3. This really makes me scratch my head.   It almost makes me laugh how far a few people are reaching by saying this.  The only monetary compensation I get is about $30 – $40 a month from running ads on this blog.   I still live in poverty and I don’t have any kind of shady business dealings with any organization or person.  I write this blog because I want to.
  4. That’s quite a value judgment there.   You don’t even know me.   I don’t point fingers and call anyone evil unless I have real good reason to, and even then I’m hesitant because I don’t want to be a judgmental person (I can’t stand judgmental people).   I think it’s always better to use the term “evil” for actions, not people.   I guess this idea that I’m evil is because I’m zOMG “Cluster B.”  I’m not a narcissist (even if I do have a few of the traits) and I’m not antisocial and I do have empathy and an almost excessively strong conscience.   But some people have the idea that even if you’re a self-aware borderline who practices mindfulness, you’re still as bad as one of the narcs.  “Sociopath” is another thing I’ve been called but it means pretty much the same thing.
  5. Maybe there’s a bit of truth to this.  After all, I do have four mental disorders–BPD, complex PTSD,  Avoidant PD, and Seasonal Affective Disorder (SAD).  I can act pretty crazy sometimes too.   But at least I’m self-aware crazy and can see myself pretty objectively and control my urges to act crazy when they get out of hand. But just because you don’t agree with me doesn’t mean I’m crazy.  I just have a different opinion than you do.  Deal with it.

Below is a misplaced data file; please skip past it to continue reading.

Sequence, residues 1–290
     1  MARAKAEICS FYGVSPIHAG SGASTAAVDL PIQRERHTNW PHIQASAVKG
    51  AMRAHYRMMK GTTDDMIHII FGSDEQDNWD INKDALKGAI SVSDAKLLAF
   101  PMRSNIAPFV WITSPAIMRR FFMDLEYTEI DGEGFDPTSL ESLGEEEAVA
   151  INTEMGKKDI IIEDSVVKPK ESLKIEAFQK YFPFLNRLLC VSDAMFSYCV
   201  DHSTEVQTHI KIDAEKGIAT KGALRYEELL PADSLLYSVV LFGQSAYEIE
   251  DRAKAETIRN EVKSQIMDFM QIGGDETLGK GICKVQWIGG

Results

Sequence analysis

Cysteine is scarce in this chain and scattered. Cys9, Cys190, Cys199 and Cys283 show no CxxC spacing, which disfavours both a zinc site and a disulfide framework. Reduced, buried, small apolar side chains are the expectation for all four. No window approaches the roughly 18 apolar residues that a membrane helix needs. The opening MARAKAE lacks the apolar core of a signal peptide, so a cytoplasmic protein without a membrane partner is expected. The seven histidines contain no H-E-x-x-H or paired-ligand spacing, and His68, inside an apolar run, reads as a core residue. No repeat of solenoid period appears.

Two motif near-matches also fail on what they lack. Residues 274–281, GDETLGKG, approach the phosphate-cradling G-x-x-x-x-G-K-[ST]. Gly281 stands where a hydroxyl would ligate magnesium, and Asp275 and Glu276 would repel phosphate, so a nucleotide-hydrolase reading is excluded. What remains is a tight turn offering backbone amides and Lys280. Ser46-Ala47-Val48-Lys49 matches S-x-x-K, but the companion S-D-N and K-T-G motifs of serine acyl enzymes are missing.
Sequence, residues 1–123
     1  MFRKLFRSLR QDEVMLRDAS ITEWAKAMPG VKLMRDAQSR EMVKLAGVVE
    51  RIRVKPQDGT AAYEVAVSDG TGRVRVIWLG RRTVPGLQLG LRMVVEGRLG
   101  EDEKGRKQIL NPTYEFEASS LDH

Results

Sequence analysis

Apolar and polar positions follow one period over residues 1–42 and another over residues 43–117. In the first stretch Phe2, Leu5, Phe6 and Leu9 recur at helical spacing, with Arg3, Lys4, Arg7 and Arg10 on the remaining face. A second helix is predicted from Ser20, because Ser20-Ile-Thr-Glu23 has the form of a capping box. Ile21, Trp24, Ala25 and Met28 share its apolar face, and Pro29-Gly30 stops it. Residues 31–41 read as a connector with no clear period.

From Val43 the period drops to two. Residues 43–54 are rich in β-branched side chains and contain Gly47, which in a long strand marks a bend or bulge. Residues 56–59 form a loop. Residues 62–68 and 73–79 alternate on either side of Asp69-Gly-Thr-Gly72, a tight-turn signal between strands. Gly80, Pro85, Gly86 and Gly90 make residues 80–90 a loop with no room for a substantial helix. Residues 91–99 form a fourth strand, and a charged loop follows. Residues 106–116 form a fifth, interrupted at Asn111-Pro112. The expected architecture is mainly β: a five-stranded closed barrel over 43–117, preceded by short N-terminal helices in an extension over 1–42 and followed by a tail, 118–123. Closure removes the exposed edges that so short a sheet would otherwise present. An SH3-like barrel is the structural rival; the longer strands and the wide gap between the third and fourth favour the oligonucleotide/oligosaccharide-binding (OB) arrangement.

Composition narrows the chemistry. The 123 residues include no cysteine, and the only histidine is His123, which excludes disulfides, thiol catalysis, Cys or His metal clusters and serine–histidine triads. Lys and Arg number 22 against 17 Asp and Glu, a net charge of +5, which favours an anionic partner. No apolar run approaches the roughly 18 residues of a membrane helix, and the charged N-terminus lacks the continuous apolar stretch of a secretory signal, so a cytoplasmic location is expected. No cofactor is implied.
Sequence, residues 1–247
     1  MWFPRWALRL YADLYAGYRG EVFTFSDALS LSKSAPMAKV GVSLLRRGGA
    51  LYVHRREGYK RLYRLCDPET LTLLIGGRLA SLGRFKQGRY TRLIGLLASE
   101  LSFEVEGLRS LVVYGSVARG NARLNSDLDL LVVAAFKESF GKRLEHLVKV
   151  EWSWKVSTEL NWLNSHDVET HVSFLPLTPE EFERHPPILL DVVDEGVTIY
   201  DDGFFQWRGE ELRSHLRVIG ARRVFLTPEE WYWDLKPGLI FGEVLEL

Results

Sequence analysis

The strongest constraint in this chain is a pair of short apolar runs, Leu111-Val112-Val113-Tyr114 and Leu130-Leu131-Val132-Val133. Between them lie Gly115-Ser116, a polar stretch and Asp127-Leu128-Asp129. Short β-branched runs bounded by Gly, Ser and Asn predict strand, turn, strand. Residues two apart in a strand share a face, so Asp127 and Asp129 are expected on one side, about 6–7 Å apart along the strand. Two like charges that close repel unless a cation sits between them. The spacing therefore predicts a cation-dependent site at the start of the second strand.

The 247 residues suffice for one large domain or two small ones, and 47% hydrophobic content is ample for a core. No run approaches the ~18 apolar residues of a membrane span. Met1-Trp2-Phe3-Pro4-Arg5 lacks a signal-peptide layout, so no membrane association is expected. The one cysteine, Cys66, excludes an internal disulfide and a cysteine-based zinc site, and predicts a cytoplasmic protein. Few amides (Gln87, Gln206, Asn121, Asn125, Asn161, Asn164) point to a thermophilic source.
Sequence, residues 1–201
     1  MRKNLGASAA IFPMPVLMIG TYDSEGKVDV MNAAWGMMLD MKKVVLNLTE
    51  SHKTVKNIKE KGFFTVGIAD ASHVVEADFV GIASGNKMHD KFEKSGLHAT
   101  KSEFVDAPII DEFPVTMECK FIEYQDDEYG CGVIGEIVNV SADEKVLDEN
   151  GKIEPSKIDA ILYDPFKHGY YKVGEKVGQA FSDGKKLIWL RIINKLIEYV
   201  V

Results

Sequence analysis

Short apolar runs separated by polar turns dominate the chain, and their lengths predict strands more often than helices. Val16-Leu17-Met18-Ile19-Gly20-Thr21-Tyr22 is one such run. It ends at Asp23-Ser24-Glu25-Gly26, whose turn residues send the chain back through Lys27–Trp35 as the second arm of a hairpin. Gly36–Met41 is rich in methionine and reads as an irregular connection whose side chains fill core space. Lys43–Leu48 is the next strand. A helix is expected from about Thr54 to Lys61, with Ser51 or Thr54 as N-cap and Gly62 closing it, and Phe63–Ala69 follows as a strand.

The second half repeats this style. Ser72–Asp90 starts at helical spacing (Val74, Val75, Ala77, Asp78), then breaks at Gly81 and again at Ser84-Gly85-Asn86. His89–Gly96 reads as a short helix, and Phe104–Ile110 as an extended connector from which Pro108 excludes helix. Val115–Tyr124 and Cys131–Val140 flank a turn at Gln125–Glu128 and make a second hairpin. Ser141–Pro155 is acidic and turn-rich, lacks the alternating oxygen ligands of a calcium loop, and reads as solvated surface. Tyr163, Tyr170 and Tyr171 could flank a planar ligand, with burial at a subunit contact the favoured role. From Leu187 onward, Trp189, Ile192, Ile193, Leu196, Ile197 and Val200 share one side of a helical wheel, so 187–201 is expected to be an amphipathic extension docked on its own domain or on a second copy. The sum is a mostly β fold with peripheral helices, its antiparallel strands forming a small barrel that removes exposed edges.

6. There’s also some truth to this.    It is VERY confusing being both an abuse victim and having a Cluster B disorder, even though the Cluster B disorder was caused by abuse!   And like it or not, I DO think BPD and complex PTSD are almost the same disorder.   Of course, this is just my opinion and no one’s paying me off or brainwashing me to “blur the lines.”
  7. No.  My primary motive in blogging is healing myself and helping people.   A secondary motive is fun.    Yes, of course I look at my stats and always get a small thrill when they’re growing, but I don’t write to be popular or famous.  Yes, I’d like to write a book someday and be able to make a living from my writing, but who wouldn’t?   Even if I never make a penny from my writings and even if no one read my blog, I’d still be doing it because it’s something I really like to do.
  8. As a Borderline, I *AM*  victim of narcissitic abuse.  (see reply #6).  ANYONE who was an abuse victim and wants to heal from the damage they endured has EVERY right to blog about it, and yes, that even includes people with self aware NPD!

me_and_my_evil_crazy_me_in_minecraft_by_sonatathesiren-d90wfu7